Diversity By The Numbers Doesn’t Always Paint The Picture

As a feminist of a certain age, I count.  I look at places of privilege and power, and I count.  How many women?  How many minorities? How old are they? How high have they risen, and how quickly, and who rose faster or still lags behind?

This tactic has a noble heritage.  My favorite practitioners?  The Guerrilla Girls.

Counting, generally, is most effective in starting a conversation.  If you are honest, however, once the conversation starts, you have to factor in the way the world works. That can be frustrating, because counters are often interested in accelerating the pace of change as far as the way the world works. It hurts to acknowledge that change can take more time than you hope it will.

Houston mayoral candidate Gene Locke is the beneficiary of a joint press release from the Tejano Democrats and the Houston Black American Democrats which alleges that the city department his opponent leads has a “dismal record of hiring minorities in senior level positions.”

I’m sure that at least 100 people did exactly the same thing I did upon reading this press release. Clicked on over to the Andrews Kurth site for a cursory count of who’s who and who’s what in the public law section here in Houston.  This presumably is the section in which Gene Locke would have more influence over hiring and promotion than, say, the securities practice group in London, but look at any section you want.

Go ahead.  Check it out.  Draw your own conclusions.

And remember, Andrews Kurth promotes itself as being particularly strong at diversity issues.

Also note that the press release mentions a survey of the 10 (yes, ten) top-level people in the department. Does anyone think that a picture of the 10 top-earning partners at Andrews Kurth would be a rainbow coalition?

It would be difficult to do an apples-to-apples comparison, for sure. After all, the law firm isn’t required to release the same level of detail about employment and salary practices as the city. Even if they do, and they have very strong incentives not to do so that have nothing to do with the mayoral campaign, they won’t get around to it until after the election. Trust me. I’m a lawyer.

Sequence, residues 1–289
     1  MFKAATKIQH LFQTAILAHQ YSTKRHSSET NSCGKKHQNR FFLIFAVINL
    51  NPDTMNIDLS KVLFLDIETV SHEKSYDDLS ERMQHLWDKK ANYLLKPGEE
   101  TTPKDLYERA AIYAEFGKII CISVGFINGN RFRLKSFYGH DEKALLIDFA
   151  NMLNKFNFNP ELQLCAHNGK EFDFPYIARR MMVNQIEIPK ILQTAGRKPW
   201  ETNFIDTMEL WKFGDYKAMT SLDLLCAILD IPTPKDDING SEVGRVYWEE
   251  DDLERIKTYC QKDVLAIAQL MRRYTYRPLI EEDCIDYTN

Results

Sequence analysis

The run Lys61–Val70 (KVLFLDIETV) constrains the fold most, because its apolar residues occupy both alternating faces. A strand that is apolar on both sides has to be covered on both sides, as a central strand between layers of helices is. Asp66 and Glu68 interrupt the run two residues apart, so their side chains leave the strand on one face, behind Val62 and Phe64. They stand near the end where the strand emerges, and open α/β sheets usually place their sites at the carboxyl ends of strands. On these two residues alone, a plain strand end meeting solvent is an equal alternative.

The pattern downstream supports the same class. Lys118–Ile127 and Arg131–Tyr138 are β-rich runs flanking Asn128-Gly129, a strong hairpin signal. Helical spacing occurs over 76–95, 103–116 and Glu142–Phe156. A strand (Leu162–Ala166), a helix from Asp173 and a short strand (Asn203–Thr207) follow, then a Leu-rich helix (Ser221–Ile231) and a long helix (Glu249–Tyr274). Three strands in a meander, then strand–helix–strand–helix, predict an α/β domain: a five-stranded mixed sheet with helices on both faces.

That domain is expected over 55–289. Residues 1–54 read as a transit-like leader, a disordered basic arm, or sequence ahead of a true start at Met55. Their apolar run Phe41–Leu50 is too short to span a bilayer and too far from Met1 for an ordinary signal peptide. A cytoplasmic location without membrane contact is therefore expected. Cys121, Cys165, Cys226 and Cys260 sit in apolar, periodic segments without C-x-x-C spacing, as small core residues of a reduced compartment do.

I bet there are some similarities between the partnership structure at a law firm and the employment rubric of a city department. We all know the jokes about how hard it is to lose a government job once you’ve got one. How are hiring and promotion practices constrained by long-established traditions or rules regarding tenure?

The partnership numbers at any law firm skew to the old, the white, and the male. That’s because the old, white, male partners who joined the firm when diversity wasn’t a recruiting goal have stuck around—that’s the nature of being a partner. I’m willing to bet that city employees benefit from a similar situation as far as tenure goes.

Being fair, you have to acknowledge that one partner, one department director, can’t reverse years of history and habit. Absolutely, each should try to put policies and practices in place that set up their team for a more successful future with a more diverse workforce, but if you leave out the time factor, you are setting up anyone for failure.

Being fair, being fair doesn’t come up much in political campaigns.  It is always worthwhile to raise the diversity question, and, as I said, counting can be a useful tool to launch the dialogue.  But diversity by the numbers doesn’t always paint the picture.

We only have a few more days of campaigning, and clearly, mud is being slung as fast as it can be dredged up.  Those of us commenting in public likely made up our minds long ago, and we don’t mind getting dirty, but it makes me sad to think of the undecided voters making decisions based on misleading numbers or endorsements rooted in hate.

I don’t think this study brought anything helpful to the conversation at this stage in the campaign.

By the way – sorry no link to the study.  I got it in an email but can’t find it on the web.  I’m busy, got to get to work, so here are the ‘for more info’ contacts listed in the email if you want to call and have it sent to you.  I’m assuming they could send the entire report as well.

Sandra Puente, 713-864-4700

Gabrielle Hadnot, 281-787-0338

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2 Responses to Diversity By The Numbers Doesn’t Always Paint The Picture

  1. Erik Vidor says:

    Here is a study by the NALP (National Association of Legal Profession) on Andrews and Kurth’s Houston office. BTW I really enjoy reading your blog.


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